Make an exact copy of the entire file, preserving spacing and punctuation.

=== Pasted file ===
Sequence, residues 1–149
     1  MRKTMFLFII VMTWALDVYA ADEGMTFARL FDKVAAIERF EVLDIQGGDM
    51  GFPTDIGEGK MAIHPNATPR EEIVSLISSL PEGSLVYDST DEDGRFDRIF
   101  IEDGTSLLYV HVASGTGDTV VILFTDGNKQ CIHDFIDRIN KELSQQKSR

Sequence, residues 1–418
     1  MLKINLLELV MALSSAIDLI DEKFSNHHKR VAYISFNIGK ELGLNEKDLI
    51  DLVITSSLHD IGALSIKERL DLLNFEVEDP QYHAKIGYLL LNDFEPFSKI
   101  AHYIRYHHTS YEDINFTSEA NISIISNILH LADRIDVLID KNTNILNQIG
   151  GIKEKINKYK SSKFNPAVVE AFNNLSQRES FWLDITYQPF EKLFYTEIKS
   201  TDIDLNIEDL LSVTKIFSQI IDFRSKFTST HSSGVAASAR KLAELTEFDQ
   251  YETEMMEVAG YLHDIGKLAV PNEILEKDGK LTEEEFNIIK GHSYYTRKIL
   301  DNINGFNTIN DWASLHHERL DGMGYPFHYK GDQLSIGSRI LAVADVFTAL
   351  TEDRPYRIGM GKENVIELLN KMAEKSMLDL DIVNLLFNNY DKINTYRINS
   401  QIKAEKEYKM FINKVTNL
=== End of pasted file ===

Sequence, residues 1–149
     1  MRKTMFLFII VMTWALDVYA ADEGMTFARL FDKVAAIERF EVLDIQGGDM
    51  GFPTDIGEGK MAIHPNATPR EEIVSLISSL PEGSLVYDST DEDGRFDRIF
   101  IEDGTSLLYV HVASGTGDTV VILFTDGNKQ CIHDFIDRIN KELSQQKSR

Sequence, residues 1–418
     1  MLKINLLELV MALSSAIDLI DEKFSNHHKR VAYISFNIGK ELGLNEKDLI
    51  DLVITSSLHD IGALSIKERL DLLNFEVEDP QYHAKIGYLL LNDFEPFSKI
   101  AHYIRYHHTS YEDINFTSEA NISIISNILH LADRIDVLID KNTNILNQIG
   151  GIKEKINKYK SSKFNPAVVE AFNNLSQRES FWLDITYQPF EKLFYTEIKS
   201  TDIDLNIEDL LSVTKIFSQI IDFRSKFTST HSSGVAASAR KLAELTEFDQ
   251  YETEMMEVAG YLHDIGKLAV PNEILEKDGK LTEEEFNIIK GHSYYTRKIL
   301  DNINGFNTIN DWASLHHERL DGMGYPFHYK GDQLSIGSRI LAVADVFTAL
   351  TEDRPYRIGM GKENVIELLN KMAEKSMLDL DIVNLLFNNY DKINTYRINS
   401  QIKAEKEYKM FINKVTNL